clock menu more-arrow no yes mobile

Filed under:

System Sundays: Schrock, Schtruggling

Examining the brutal season of Max Schrock, and what his approach can tell us about the why.

St Louis Cardinals Photo Day Photo by Streeter Lecka/Getty Images

Author’s Note: As the title of this post suggests, it was intended to publish yesterday morning. And then, sadly, yours truly simply forgot to schedule it prior to leaving the house for a day at Johnson’s shut-ins. I was very puzzled when I checked the site yesterday evening and discovered there was no Max Schrock post in evidence. So, you get bonus content today, as I’m scheduling this to go up an hour before my actual Monday morning post. -RB

I don’t think I’ve made much of a secret of the fact that Max Schrock is one of my favourite prospects. Not just in the Cardinals’ system, either; I’m a big fan of the modestly-statured second baseman in the context of the game as a whole.

Part of that could be due to Carson Cistuli’s efforts in making Max Schrock a thing over the past couple years; I cannot deny the allure his charmingly nebbishy affect has for me. But also, I’m simply a sucker for players with extreme contact profiles. The longer I’ve done this whole scouting thing, the more fascinated I’ve become with that most elemental of offensive skills, of simply putting the bat on the ball consistently. Part of it is the rising strikeout rate in baseball as a whole; in a climate of so little contact, it would seem that those capable of putting the ball in play might find some kind of extra value to teams looking for a new margin of advantage. Even more than that, though, I find contact skills to be one of the more intriguing abilities a player can have because of the flexibility it would seem to afford a hitter trying to make adjustments.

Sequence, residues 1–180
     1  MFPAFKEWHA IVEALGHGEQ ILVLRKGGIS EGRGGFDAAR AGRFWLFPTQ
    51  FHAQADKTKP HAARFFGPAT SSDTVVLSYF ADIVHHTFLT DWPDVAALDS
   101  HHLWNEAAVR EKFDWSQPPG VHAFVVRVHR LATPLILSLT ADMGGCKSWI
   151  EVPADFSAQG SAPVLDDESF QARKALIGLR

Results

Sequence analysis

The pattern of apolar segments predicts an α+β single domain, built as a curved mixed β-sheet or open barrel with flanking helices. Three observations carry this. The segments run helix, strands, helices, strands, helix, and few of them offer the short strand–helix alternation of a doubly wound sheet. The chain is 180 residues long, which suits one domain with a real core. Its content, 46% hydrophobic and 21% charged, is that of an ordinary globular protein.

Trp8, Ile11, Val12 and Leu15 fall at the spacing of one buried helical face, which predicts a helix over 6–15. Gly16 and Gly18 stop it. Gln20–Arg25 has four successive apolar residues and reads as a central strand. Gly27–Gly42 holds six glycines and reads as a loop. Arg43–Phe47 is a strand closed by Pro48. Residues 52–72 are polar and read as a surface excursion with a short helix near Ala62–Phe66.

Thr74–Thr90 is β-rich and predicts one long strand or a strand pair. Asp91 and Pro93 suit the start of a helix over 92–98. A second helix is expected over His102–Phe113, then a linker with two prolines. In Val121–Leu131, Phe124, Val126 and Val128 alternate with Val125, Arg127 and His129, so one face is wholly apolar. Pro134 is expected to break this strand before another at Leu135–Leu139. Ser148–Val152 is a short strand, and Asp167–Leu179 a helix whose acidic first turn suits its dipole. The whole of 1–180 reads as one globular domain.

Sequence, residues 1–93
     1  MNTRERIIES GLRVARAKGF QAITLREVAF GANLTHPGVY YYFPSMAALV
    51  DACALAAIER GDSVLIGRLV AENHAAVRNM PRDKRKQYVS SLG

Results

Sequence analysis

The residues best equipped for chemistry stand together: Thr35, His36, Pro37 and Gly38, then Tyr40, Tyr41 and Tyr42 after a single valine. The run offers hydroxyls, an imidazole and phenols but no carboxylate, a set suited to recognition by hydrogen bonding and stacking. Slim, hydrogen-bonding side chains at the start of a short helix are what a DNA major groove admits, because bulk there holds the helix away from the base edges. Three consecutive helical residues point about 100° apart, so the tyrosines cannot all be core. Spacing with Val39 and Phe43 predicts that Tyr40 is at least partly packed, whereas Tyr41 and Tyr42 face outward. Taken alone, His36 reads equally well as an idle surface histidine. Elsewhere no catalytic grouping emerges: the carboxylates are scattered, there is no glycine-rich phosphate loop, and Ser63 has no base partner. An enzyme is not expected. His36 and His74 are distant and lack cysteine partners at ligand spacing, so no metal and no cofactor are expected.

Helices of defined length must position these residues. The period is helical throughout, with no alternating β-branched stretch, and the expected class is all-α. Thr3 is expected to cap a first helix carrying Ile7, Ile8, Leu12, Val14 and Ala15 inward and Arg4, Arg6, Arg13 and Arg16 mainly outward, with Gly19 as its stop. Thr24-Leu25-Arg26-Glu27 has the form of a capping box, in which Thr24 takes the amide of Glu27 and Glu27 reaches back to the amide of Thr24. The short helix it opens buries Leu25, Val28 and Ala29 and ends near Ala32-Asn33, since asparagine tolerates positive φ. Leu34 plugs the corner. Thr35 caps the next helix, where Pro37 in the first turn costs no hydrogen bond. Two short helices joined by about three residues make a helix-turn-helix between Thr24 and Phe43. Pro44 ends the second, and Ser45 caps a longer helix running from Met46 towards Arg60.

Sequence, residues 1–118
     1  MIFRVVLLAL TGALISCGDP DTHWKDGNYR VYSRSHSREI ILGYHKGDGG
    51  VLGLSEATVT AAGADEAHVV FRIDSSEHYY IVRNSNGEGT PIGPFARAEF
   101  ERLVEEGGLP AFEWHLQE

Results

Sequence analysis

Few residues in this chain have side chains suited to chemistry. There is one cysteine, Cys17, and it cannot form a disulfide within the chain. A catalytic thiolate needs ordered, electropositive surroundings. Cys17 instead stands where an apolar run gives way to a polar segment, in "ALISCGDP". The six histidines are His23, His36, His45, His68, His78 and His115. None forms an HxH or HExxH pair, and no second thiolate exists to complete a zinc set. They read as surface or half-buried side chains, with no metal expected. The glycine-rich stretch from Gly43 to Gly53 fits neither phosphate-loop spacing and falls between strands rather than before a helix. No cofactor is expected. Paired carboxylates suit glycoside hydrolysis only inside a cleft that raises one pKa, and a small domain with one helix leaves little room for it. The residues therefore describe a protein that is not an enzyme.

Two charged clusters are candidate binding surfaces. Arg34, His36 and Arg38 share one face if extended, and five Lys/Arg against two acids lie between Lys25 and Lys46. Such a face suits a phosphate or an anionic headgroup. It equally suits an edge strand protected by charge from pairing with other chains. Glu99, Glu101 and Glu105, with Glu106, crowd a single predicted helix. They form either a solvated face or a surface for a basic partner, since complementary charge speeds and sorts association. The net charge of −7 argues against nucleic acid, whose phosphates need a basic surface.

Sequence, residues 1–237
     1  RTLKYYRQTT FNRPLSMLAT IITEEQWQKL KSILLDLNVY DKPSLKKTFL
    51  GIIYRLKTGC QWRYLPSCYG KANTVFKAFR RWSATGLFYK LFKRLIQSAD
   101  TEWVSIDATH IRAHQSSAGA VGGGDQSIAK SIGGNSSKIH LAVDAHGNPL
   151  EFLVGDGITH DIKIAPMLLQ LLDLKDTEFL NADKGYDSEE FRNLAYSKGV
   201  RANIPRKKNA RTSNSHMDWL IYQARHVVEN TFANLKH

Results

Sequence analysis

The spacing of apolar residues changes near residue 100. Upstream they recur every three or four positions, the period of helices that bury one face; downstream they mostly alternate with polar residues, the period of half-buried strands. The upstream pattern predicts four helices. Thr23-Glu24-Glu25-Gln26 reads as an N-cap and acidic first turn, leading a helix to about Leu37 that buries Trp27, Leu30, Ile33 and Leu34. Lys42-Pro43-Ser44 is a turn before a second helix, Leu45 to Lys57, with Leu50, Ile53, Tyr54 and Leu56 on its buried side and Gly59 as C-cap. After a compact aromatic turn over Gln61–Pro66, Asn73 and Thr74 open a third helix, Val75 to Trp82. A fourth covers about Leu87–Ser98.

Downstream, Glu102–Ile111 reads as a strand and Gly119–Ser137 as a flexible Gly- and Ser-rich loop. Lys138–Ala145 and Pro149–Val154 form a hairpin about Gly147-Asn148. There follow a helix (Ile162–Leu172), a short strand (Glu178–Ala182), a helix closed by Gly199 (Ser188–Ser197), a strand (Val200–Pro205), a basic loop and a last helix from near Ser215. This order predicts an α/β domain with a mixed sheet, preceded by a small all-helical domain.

We’re living in an era now where teams are more willing than ever to try and have players make substantial changes to their games in hopes of increasing overall production. The launch angle/flyball revolution has brought us multiple, notable success stories of previously low-power players suddenly finding authority in their contact profiles hitherto unsuspected; those kinds of changes would never have been attempted 20 years ago, not because no one understood that power was good, but because coaches and players alike saw individual games as far less malleable, and the spirit of modern experimentation had very little precedent at that point.

As things stand now, though, organisations appear to be treating players and their skillsets as less set in stone than previously believed, and armed with data are working for more and more development in those players. In that context, I have come to believe contact rate may be the single most important ability for a hitter to possess. You can teach a guy to get the ball in the air, you can change his approach to pull the ball more, or stay back and use the whole field, or teach him to wait for his pitch more patiently. But standing outside the batting cage and yelling to a player, “ know. Hit the ball. Like, more. No, not like that! Hit it more.” doesn’t seem all that helpful.